Many sto­ries fi­nally get­ting told

The Covington News - - LOCAL NEWS -

lived her whole life in the city, can still clearly re­mem­ber what life was like for black res­i­dents in the county in the day’s of share­crop­ping and Jim Crow. Wil­liams re­calls at­tend­ing school at the all-black Wash­ing­ton Street School where school chil­dren would share to­gether old di­lap­i­dated text­books handed down to them from the white schools.

“Th­ese are things that young blacks need to be ed­u­cated about,” said Wil­liams, a teacher re­tired from Fic­quett El­e­men­tary School and the great grand­daugh­ter of the Rev. Toney Baker who founded the first black church in the county — Beth­le­hem Bap­tist Church.

Ac­cord­ing to Sawyer, Wil­liams has been a great as­set to the or­ga­ni­za­tion, fill­ing in gaps of knowl­edge and help­ing to edit the Web site’s con­tent.

Wil­liams said she hopes the as­so­ci­a­tion can ed­u­cate the chil­dren of the county who wouldn’t oth­er­wise have a par­ent fig­ure present in their lives to teach them about their her­itage and his­tory.

“Chil­dren now don’t have any­body,” Wil­liams said. “They don’t have a fig­ure that they can look up to and that wor­ries me.”

For Sawyer, the con­tri­bu­tions from young peo­ple in the com­mu­nity will be in­stru­men­tal in car­ry­ing on the mis­sion of the African-Amer­i­can His­tor­i­cal As­so­ci­a­tion.

“We didn’t record our his­tory years ago,” said Sawyer. “We are in a po­si­tion now to record our his­tory.”

Word has al­ready got­ten out about the new site said Sawyer, adding that he has been very grat­i­fied to have been con­tacted by so many mem­bers of the com­mu­nity, both black and white, who are in­ter­ested in join­ing the as­so­ci­a­tion and con­tribut­ing to its mis­sion.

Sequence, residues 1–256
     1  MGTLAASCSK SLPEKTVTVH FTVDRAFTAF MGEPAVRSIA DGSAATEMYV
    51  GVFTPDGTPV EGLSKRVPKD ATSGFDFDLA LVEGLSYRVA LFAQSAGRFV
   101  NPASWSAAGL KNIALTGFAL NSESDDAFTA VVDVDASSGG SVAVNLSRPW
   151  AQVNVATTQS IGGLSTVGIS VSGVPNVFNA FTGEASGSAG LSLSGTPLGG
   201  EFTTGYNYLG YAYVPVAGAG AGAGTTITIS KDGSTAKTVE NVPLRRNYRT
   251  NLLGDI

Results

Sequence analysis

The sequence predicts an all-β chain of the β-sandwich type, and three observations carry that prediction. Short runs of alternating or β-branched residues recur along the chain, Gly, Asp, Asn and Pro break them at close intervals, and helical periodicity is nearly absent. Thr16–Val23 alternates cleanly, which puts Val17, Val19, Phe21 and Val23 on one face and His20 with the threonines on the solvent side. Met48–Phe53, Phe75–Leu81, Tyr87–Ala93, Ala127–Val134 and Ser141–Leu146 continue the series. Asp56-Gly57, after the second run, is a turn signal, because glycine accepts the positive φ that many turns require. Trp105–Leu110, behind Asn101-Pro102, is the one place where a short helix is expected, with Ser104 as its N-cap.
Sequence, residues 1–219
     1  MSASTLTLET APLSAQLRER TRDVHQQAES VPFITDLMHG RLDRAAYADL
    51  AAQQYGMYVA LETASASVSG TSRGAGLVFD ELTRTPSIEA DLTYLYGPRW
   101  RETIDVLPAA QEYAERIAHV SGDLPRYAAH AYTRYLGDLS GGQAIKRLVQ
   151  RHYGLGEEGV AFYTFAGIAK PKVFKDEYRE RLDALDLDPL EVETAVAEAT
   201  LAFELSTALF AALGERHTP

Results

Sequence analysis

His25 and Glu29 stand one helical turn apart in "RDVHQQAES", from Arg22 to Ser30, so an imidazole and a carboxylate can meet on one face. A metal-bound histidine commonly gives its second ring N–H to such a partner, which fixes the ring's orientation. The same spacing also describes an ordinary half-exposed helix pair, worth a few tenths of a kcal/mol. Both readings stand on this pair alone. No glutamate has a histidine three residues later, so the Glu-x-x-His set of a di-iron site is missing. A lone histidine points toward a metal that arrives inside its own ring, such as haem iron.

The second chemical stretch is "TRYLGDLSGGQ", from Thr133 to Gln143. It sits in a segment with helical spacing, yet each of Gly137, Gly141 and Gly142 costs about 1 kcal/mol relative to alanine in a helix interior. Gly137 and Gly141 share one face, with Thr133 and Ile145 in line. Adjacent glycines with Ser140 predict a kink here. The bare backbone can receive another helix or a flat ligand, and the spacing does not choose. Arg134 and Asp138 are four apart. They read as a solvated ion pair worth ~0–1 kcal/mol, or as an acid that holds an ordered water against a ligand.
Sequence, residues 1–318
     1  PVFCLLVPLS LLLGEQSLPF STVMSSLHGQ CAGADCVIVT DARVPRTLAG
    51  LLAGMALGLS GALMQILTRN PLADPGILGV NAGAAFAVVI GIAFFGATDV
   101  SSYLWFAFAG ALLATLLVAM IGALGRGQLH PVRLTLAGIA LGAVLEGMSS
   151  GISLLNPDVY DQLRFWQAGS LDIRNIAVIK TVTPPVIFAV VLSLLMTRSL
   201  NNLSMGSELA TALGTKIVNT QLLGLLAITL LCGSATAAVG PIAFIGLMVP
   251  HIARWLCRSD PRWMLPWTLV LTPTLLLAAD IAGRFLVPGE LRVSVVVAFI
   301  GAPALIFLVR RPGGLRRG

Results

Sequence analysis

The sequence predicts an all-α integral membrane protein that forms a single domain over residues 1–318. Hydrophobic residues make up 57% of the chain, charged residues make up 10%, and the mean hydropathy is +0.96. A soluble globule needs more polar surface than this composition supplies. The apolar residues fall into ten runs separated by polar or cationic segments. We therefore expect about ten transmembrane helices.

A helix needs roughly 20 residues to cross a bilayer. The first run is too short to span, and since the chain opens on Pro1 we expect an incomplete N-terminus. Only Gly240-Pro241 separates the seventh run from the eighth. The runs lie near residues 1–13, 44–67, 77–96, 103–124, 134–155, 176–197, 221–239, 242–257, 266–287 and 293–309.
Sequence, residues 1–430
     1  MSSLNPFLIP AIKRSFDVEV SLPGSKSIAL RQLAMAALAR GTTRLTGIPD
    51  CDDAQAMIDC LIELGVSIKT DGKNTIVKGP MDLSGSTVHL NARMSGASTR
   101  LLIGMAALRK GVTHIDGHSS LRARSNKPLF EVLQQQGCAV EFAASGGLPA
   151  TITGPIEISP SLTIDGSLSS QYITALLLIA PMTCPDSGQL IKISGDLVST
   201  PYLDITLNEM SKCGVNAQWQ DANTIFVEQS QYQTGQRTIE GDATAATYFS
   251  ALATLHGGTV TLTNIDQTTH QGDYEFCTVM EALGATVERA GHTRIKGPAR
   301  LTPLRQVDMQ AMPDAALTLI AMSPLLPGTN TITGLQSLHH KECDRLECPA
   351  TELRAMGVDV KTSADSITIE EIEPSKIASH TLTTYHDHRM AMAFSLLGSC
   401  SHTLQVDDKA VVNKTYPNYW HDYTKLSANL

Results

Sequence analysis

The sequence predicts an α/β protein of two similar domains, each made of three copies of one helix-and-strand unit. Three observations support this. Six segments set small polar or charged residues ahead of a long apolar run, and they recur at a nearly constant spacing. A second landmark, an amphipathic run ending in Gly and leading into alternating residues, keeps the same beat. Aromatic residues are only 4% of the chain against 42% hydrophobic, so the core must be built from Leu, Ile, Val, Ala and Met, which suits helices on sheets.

“It’s go­ing to be an as­set, not only to the African-Amer­i­can com­mu­nity but to the en­tire Cov­ing­ton, New­ton County, Mansfield, Ox­ford, New­born, Por­terdale com­mu­nity,” said Sawyer of the Web site.

While the his­tor­i­cal as­so­ci­a­tion is still find­ing its feet (the or­ga­ni­za­tion ex­pects to re­ceive its 501(c) 3 cer­ti­fi­ca­tion in the com­ing weeks), ad­di­tional projects are in the works said Sawyer. Fu­ture en­deav­ors of the or­ga­ni­za­tion in­clude the de­vel­op­ment of books, pam­phlets, news­let­ters, ex­hi­bi­tions, driv­ing and walk­ing tours, his­tor­i­cal mark­ers and elec­tronic me­dia broad­casts to fur­ther the dis­sem­i­na­tion of in­for­ma­tion about black his­tory and cul­ture in the county.

The African-Amer­i­can His­tor­i­cal As­so­ci­a­tion en­cour­ages peo­ple of all ages and back­grounds to par­tic­i­pate in re­search­ing and shar­ing their knowl­edge of black his­tory with the or­ga­ni­za­tion.

The or­ga­ni­za­tion also seeks to work closely with lo­cal ed­u­ca­tors to teach the county’s youth about black her­itage and to spon­sor con­fer­ences, work­shops and com­mu­nity con­ver­sa­tions about black his­tory, her­itage and ge­neal­ogy in the county.

As part of the African-Amer­i­can His­tor­i­cal As­so­ci­a­tion’s work, Sawyer said he is work­ing to bring com­mu­nity lead­ers and ed­u­ca­tors onto his weekly hour­long ra­dio show “Thy Brother’s and Sis­ter’s Keeper,” which airs at 3 p.m. on Sun­days on ra­dio sta­tion 1430 WGFS AM, Cov­ing­ton.

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